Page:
As part of our study of World War II, we journeyed back in time to 1941 and prepared to be Code Breakers at Bletchley Park. We learned about some of the different jobs at Bletchley Park: interpreter, decoder, translator and dispatch riders.
The original Mansion House at Bletchley Park looked impressive and quite inviting (despite the current scaffolding and repair works being carried out), but we discovered the recruits working at Bletchley Park often found themselves in unheated, drab huts for eight-hour long shifts.
We visited some huts and saw Alan Turing’s office. We were amazed that Alan had chained his cup to the radiator to ensure that no one else could use it! We enjoyed discovering what happened in each hut whilst remembering that no one would talk about their top secret work.
During our visit we enjoyed a guided tour, involving a bit of role play.
We were told to sign the Official Secrets Act to ensure that secrecy was upheld. Then the real work began. As new recruits, we had to try to prevent attacks in the Atlantic on Allied ships by interpreting Morse code. “It was difficult because the people who did it years ago had training for six weeks and we had none!” (Year 6 pupil)
As part of our workshop, we used a cipher to decode a message. This enabled us to locate enemy wolf packs and ensure safe passage for the Allied convoy. We were extremely lucky to have the opportunity to use a real Enigma machine and explore just how it was used by the Germans. What a super trip, which gave great insight into the life and work of the Code Breakers of Bletchley Park! We are very grateful to them for their work in shortening the Second World War, saving up to 14 million lives.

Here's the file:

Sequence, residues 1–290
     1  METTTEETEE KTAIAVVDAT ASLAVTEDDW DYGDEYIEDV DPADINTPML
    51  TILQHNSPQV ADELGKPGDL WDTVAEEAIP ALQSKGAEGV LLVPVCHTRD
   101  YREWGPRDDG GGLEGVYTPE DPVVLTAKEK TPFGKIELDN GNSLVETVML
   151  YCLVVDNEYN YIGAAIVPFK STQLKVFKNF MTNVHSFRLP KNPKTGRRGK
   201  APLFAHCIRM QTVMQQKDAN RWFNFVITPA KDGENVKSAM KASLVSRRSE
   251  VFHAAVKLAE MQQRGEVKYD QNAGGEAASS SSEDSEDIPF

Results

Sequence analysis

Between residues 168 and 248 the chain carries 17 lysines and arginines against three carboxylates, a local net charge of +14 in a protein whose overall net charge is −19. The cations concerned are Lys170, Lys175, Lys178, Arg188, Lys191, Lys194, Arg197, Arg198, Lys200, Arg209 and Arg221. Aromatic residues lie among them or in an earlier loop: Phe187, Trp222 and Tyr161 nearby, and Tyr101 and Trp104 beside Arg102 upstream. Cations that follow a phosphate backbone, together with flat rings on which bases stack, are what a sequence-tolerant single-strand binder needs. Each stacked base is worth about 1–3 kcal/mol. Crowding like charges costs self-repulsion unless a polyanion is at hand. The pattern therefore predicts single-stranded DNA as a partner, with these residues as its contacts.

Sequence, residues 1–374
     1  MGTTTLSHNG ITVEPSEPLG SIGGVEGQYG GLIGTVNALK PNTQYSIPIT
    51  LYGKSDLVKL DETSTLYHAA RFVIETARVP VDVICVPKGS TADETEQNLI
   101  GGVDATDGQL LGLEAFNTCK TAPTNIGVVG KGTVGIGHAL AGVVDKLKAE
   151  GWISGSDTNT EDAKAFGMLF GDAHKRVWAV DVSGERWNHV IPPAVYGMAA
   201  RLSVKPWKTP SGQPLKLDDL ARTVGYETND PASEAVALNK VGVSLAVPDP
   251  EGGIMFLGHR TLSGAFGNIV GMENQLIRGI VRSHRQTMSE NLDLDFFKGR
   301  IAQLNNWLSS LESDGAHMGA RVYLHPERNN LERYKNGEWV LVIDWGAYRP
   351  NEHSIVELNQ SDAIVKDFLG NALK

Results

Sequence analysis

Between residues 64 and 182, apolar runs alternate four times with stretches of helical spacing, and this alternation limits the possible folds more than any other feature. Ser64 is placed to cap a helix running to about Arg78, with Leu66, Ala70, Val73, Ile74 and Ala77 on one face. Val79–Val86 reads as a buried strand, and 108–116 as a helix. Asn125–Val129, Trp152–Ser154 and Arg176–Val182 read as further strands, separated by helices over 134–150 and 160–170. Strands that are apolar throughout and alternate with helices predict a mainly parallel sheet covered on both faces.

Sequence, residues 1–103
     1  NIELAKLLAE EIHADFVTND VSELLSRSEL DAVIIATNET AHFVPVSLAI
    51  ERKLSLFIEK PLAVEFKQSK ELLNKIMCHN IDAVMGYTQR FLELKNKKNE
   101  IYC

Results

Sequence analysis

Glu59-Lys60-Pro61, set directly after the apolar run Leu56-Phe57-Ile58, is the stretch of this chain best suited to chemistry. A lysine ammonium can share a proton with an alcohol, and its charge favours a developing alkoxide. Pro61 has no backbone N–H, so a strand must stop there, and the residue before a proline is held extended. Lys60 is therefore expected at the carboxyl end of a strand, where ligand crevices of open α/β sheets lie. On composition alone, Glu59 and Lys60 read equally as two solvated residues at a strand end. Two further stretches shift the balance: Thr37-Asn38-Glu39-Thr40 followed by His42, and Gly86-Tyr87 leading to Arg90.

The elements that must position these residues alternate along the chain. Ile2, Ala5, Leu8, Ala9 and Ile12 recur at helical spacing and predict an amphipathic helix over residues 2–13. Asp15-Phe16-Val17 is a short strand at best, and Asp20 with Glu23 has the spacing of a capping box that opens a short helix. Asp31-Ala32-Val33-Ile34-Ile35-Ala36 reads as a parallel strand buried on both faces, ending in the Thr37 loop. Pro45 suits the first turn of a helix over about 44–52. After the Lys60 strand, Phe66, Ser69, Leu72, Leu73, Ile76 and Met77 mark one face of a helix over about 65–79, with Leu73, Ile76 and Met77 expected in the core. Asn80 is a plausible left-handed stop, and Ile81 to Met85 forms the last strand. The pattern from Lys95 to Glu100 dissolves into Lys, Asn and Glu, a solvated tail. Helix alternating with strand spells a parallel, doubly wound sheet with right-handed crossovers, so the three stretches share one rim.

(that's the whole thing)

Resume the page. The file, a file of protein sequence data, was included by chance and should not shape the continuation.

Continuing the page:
“Dans la ville j’ai vu des bombes et des solders main dans la campagne, j’ai vu des animaux et des oiseaux.” In our French lessons, we have been cracking the code of learning a language – learning new vocabulary to be able to talk (in French!) about the Second World War. We have been learning how to talk about the differences between the city and the countryside in wartime. C’est très bien!
In maths, we have shown perseverance and determination in abundance as we cracked how to tackle some challenging long division work. We learnt how to use two different methods and learnt that long division isn’t as scary as it first appeared! “I’m not afraid of it anymore – I think I might quite like it now!” (Year 6 pupil)
In our ‘Skip2BFit’ workshop, we learnt that we have the right mindset to achieve our goals. We really raised our heart rates and showed some impressive skipping. We challenged Ms. Connolly to a ‘skip off’. It was close, but Willow Class won! Think we need to keep up the skipping though as we know Ms. Connolly might beat our personal best scores one day!
Have a lovely weekend.